Mentor Texts and a Contest

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Susanna Leonard Hill hosts a Halloweensie writing contest every year. I’ve entered it for the past three years or so. This year, I tried something new.

I don’t write in rhyme. I don’t have the chops to do it justice, but I love poetry and read it often. In high school, my fantastic English teacher taught us how to write poetry using mentor texts. We basically copied the meter and form, but added our own words.

I wanted to try that with my 2016 Halloweensie entry. I used a stanza from The Rime of the Ancient Mariner by Samuel Taylor Coleridge as my inspiration:

Water, water, every where,
And all the boards did shrink;
Water, water, every where,
Nor any drop to drink.

I won’t put my entry here, you can click on my blog to see it if you like. The point is, by using a mentor text, I can write a solid poem without knowing all the technical aspects of poetry writing. Using a mentor text teaches me, on a visceral level, how to structure a poem, so that when I do apply myself to more in-depth study of poetic forms, I’ll be better prepared.

Mentor texts can work for you in many ways. Reading lots of good picture books eventually impresses into your mind the way a PB should be written. Same with other categories of books. If you take it a step further, you can break the mentor text down and analyze one aspect of it to help you with your weaknesses.

I recently used the text of one of my favorite books, Helen Lester’s Hooway for Wodney Wat, as a mentor text. Lester is a master at character development and plotting, not to mention huimg_2400mor and just about everything else you need to write good picture books. I wanted to see how she pulled of structuring her story, so I wrote it out in long hand.

In the first paragraph, she sets up the MC and the MC’s problem:

Poor Wodney. Wodney Wat. His real name was Rodney Rat, but he couldn’t pronounce his r’s.

Her next paragraph builds on how awful it is for Wodney, a rodent–wodent, to have this problem. We see how the other rodent kids tease him and how, little by little, he retreats inside his jacket. We now feel for Wodney and we want something good to happen to our sad little wodent.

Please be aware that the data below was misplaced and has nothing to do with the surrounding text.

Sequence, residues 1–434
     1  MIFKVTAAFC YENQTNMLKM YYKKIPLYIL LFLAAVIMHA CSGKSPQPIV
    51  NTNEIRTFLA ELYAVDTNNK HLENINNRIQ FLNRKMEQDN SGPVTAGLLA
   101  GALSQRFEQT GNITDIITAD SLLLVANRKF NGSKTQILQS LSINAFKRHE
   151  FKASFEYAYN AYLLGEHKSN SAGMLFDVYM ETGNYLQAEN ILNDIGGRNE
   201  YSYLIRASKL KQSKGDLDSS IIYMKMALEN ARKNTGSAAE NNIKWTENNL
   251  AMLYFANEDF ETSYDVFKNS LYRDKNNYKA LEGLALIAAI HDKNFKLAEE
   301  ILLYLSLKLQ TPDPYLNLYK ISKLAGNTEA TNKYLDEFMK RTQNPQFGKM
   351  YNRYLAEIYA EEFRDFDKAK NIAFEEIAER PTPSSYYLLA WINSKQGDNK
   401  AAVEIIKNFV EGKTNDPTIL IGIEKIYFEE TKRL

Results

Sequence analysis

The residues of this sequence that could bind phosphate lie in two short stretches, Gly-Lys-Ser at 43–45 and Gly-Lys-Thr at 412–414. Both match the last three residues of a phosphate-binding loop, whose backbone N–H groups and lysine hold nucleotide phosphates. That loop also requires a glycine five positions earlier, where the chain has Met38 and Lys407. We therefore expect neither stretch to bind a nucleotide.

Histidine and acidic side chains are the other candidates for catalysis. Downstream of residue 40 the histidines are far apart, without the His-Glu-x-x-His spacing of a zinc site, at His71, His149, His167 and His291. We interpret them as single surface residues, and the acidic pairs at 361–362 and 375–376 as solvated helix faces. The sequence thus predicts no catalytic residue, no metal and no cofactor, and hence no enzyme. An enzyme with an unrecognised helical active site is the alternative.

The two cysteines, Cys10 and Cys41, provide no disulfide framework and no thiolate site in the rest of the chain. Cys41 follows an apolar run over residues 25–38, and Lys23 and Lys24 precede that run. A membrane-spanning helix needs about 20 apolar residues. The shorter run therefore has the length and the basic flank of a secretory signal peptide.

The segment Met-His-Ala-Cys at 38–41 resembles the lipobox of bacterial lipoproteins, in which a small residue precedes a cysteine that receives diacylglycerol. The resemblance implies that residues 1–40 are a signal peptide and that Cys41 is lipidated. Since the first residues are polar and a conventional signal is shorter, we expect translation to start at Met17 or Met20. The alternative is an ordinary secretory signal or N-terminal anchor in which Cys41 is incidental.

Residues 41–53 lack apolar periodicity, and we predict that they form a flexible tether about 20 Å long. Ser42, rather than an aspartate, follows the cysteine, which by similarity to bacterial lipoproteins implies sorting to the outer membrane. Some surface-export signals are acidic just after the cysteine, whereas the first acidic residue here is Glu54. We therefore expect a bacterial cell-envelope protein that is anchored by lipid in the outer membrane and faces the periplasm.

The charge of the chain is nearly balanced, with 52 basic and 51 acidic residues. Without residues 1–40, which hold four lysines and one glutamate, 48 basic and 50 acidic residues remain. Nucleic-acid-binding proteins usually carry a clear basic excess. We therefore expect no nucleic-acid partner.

But the nemesis enters–Camilla Capybara. She makes things worse for Wodney and the other kids at PS 142 Elementary School for Rodents. Just when we think Wodney is at his lowest point, Lester throws in the twist that we sort of knew would happen from the beginning: Wodney saves the day. And he saves the day because of his r impediment, which changes him from “loser” to hero in everyone’s eyes, including Wodney’s.

In forcing myself to copy Wodney’s story in long-hand, I got to “write” a brilliant story and feel how every scene she set up played into each scene thereafter.

We all use mentor texts in some way, either because what we’ve read ingrains upon our memories or because the stories themselves become part of us. J.K. Rowling didn’t make up Nicholas Flamel or the idea of a philosopher’s stone. Tolkien used Norse mythology to inspire his stories. Studying authors whose work you love won’t make you write like them, but it will help you feel how to write a good book–techniques that can be parsed out in a classroom will become part of your writing nature.

The only thing better than working with the text of an author you admire is working with that author. On that note, I’m giving you all a heads up on a mentoring contest Tara Cattie Luebbe will be hosting. Pre-published, but un-agented, authors will have the chance to submit applications to three mentors of their choice (some spectacular authors have signed on to mentor). From the applications, the mentor will select a mentee and will mentor him/her for three months. Stay tuned in the very near future for the link to all the details. In the meantime, start honing your manuscripts and get them ready to submit if you are interested in applying.

And good luck to all the Halloweensie participants!

Additional mentor text resources:

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11 thoughts on “Mentor Texts and a Contest

  1. I love rhyme! And I too entered the Halloweensie contest. Mine is a parody of the well known Little Miss Muffet. After quickly drafting my verse I went to work refining it to make sure the beats matched those of the original. Imagine my surprise when my family said they liked the first version better! So that’s the one I entered. We will see what happens there but I love your idea to write a story out long hand. Just like practicing someone else’s choreography can help develop muscle memory as well as your own creativity, this sounds like it could do the same. Thanks for sharing!

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  2. I love this book. And as much as I enjoy craft books, regular storybooks are my best teachers. I also copy short texts and for longer works, do a scene-by-scene summary. It’s costly in time but I’ve learned soooo much. And Mirka, dissecting a story won’t make yours derivative. It’s more instructive.

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  3. Hooway for Wodney Wat is my daughter’s all time favourite book. I am wondering if copying text out longhand instead of typing it out would make a difference? I’m also trying to learn poetry, and I’m going to start using some as mentor texts.

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  4. Like you, I’m not a rhymer. (Clarification: I’m a bad one ;( ) I found this exercise interesting. I’ve been inspired by ideas from books I’ve read, but worry that out-and-out mentor-texts make for way too derivative results. As a honing exercise this is a valid approach.

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